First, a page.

The IRS has been embarking on a new initiative: Track down and catch US Gift Tax evaders who have transferred real property to family members any time since 2005 without paying Gift Taxes owed. The IRS estimates that between 60% and 90% of taxpayers that transfer real property to family members fail to file and pay Gift Tax. In an attempt to raise desperately needed funds for the US Treasury, IRS started its Gift Tax compliance program in earnest by using the increasingly more popular tax enforcement tool called the “John Doe” summons.
Use of the John Doe Summons
When the IRS issues a “John Doe” summons to a party (most of us are now very familiar with this powerful tool due to the robust enforcement actions against the Swiss banking industry) it essentially compels that party to produce information requested by the IRS. The summons does not identify the persons with respect to whose tax liability it is issued since the IRS would not have the taxpayers’ names. In the Gift Tax Compliance Program, the IRS has been issuing John Doe summonses to State property tax authorities or State real property title offices. The summons typically requests identification of transferors of real property who did not charge the recipient at all or only charged a nominal price. Typically these are gifts of real property made between family members and in the usual case, Gift Tax was never paid on the transfer.
Using State’s Evidence
Many States have now turned over the requested data including California, Connecticut, Florida, Hawaii, Nebraska, New Hampshire, New Jersey, New York, North Carolina, Ohio, Pennsylvania, Tennessee, Texas, Virginia, Washington and Wisconsin. The IRS can go back very far in time to catch the tax evaders since the statute of limitations will not start to run against the IRS if a Gift Tax return was never filed. See http://www.irs.gov/pub/irs-pdf/f709.pdf (Gift Tax Return). An IRS official with the Compliance Program indicated that samplings of related-party transfers showed gift tax returns were filed 0% of the time in Ohio, and only 10% of the time in Florida and Virginia.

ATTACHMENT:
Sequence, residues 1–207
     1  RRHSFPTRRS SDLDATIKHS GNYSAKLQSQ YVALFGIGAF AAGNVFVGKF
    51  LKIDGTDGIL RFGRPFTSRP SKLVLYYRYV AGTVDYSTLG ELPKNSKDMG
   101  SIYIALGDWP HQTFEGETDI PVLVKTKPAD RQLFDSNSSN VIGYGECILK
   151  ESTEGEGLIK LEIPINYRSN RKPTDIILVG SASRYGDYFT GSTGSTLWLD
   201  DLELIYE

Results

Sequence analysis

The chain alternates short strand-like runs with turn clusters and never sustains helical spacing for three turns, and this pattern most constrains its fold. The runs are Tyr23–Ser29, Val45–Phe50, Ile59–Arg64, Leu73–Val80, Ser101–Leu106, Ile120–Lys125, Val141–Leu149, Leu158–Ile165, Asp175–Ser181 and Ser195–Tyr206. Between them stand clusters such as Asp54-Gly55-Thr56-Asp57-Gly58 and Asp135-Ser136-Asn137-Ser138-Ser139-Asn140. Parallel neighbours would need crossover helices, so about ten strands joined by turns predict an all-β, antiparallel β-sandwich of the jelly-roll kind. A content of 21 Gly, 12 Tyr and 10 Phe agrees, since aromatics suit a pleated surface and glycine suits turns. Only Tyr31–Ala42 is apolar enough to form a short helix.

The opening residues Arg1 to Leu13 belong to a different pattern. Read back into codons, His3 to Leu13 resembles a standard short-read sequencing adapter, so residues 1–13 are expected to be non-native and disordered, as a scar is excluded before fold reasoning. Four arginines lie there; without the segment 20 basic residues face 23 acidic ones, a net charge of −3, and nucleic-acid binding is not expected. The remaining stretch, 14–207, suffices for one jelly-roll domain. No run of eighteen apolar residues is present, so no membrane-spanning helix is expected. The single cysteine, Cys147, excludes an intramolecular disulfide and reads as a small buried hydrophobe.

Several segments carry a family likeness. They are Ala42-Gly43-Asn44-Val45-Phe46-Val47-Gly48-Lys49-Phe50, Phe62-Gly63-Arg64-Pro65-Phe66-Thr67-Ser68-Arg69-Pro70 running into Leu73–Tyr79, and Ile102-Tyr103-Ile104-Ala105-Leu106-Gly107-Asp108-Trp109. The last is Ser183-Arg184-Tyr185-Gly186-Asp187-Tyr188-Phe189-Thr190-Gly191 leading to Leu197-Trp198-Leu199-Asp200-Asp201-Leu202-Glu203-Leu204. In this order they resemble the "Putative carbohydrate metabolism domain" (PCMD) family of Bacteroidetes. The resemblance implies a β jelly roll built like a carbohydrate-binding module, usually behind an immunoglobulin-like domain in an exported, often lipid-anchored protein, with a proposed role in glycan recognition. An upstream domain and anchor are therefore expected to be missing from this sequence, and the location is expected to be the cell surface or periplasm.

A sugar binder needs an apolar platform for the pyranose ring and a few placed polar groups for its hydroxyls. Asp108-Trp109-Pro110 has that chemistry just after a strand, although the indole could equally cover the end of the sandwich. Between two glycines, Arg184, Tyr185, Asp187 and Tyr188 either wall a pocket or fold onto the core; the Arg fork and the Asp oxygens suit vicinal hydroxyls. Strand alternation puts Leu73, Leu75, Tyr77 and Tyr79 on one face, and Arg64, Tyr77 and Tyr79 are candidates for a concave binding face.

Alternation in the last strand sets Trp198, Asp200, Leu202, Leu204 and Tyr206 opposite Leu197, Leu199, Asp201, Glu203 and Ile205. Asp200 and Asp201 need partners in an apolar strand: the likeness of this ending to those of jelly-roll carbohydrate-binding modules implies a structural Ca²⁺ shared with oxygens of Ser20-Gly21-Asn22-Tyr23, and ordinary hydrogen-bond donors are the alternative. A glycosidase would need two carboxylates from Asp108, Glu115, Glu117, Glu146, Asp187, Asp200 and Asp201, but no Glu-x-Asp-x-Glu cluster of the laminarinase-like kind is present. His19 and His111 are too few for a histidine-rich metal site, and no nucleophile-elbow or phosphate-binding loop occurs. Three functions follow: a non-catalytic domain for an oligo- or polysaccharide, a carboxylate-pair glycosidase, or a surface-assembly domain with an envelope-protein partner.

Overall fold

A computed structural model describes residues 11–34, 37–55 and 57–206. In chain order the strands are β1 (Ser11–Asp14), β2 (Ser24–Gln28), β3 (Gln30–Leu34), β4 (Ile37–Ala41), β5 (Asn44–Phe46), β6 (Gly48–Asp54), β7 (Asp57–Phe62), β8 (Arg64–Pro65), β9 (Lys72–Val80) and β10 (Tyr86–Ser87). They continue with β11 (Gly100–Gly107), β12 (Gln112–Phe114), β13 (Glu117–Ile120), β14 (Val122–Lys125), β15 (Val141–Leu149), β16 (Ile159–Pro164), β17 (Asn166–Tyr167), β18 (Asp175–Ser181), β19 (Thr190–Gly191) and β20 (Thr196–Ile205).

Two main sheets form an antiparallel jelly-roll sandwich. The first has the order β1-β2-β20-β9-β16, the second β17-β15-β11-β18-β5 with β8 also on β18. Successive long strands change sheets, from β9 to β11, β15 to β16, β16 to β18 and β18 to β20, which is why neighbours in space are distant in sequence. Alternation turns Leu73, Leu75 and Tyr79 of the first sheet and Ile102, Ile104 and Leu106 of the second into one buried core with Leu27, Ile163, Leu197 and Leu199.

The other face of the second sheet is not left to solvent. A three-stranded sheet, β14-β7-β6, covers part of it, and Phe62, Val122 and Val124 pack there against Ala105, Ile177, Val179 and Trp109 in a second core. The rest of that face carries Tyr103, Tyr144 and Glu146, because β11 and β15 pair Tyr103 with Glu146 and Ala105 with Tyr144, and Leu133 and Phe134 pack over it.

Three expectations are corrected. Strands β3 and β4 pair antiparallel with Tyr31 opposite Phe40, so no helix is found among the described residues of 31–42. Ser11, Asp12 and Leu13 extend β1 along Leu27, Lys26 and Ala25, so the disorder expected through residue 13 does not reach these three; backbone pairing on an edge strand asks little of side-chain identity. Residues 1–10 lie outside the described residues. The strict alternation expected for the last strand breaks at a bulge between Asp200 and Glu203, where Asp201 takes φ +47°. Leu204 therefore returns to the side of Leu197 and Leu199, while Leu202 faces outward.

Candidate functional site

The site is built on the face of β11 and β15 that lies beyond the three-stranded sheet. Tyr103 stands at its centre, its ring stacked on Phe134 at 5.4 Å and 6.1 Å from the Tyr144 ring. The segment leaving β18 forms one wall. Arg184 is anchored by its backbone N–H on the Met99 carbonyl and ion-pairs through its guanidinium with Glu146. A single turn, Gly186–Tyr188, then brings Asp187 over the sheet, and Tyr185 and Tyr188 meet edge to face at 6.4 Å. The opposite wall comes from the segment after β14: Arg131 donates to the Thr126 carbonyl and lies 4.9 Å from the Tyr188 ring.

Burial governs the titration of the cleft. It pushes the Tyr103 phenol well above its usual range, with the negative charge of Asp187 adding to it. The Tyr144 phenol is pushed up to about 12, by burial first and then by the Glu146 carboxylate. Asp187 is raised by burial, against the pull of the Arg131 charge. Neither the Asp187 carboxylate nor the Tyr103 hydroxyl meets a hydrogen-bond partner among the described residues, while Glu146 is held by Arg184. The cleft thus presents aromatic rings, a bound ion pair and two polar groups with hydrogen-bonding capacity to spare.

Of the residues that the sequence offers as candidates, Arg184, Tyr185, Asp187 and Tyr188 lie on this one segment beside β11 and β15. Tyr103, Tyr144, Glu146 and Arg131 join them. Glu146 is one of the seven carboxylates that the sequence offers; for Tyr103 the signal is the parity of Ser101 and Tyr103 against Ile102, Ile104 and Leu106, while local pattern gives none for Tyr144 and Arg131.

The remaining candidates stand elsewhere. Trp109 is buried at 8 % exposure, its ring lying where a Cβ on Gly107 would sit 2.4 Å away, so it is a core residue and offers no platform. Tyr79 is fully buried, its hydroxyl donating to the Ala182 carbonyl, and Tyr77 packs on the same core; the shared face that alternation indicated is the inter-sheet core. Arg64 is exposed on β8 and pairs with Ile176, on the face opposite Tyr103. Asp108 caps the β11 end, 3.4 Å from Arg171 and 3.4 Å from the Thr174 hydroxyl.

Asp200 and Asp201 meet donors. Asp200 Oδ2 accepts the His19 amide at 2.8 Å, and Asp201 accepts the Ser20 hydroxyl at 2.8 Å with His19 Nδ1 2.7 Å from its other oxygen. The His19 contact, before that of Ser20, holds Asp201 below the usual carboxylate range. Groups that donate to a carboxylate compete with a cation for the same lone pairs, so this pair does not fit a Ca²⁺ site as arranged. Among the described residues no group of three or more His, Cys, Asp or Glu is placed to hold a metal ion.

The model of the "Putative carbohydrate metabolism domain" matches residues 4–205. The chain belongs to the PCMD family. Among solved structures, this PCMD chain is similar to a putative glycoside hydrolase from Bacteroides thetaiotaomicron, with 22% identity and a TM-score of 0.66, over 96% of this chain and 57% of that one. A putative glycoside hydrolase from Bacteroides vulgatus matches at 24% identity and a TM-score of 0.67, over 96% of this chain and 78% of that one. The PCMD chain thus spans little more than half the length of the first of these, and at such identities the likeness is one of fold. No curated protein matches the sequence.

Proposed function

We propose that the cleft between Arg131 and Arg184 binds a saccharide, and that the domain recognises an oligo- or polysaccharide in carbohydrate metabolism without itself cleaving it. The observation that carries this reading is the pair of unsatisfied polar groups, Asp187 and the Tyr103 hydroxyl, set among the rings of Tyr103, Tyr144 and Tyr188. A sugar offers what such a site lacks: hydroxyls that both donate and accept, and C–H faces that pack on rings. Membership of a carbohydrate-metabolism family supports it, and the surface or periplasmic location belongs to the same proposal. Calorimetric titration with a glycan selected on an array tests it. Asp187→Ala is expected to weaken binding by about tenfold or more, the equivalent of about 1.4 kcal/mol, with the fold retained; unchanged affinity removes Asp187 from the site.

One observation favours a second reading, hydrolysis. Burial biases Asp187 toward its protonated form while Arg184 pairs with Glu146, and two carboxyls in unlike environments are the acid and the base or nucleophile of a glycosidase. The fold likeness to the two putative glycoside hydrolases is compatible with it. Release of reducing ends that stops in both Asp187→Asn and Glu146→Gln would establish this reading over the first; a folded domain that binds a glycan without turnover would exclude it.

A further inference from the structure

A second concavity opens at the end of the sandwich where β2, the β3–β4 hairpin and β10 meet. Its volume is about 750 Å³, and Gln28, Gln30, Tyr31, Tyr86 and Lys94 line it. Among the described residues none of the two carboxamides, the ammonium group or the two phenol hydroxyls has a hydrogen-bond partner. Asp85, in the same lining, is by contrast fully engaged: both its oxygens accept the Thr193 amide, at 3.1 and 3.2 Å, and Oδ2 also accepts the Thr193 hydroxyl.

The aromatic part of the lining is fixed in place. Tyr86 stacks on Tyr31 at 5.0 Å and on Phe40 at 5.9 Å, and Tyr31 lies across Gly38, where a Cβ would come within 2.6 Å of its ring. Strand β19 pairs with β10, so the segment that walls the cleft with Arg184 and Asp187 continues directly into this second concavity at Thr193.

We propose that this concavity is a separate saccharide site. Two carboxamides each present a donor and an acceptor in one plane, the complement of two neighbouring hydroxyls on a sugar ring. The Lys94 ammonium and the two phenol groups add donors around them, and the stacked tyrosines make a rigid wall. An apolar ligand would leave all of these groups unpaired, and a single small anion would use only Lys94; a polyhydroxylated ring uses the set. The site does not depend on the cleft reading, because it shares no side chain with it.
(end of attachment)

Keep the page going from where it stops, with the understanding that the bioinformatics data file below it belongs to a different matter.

New Instructions Given to IRS Examiners in Internal Revenue Manual
The search for prior gifts has led the IRS to issue new guidance its IRS examiners in the Internal Revenue Manual (IRM) See IRM 220.127.116.11.6.2 updated earlier this year http://www.irs.gov/irm/part4/irm_04-025-001.html
The new guidance provides that prior to commencing the Gift Tax examination, the IRS examiner should request a transcript of all prior gift tax returns that the taxpayer has filed with the IRS, and the examiner should obtain copies of these returns (usually from the Service Center where they were filed). The examiner is then to determine the statute of limitations for each gift tax return and in addition the examiner is instructed to “probe for undisclosed transfers.” This seems to indicate that once a taxpayer is audited with regard to any gift tax return for a particular year, the audit will spread to all of the taxpayer’s gift tax returns! Another IRM section (18.104.22.168.6.5) discusses how the statute of limitations will apply in Gift Tax cases. This part of the IRM makes clear that if a gift is not adequately disclosed on the Gift Tax return, (that is, the gift is either omitted entirely or the Gift Tax return does not adequately apprise the IRS of the gift) the statute of limitations does not begin to run. This means the Gift Tax may be assessed at any time with respect to that gift. Similarly, if a Gift Tax return should have been filed, but was not filed, the statute of limitations also never starts to run.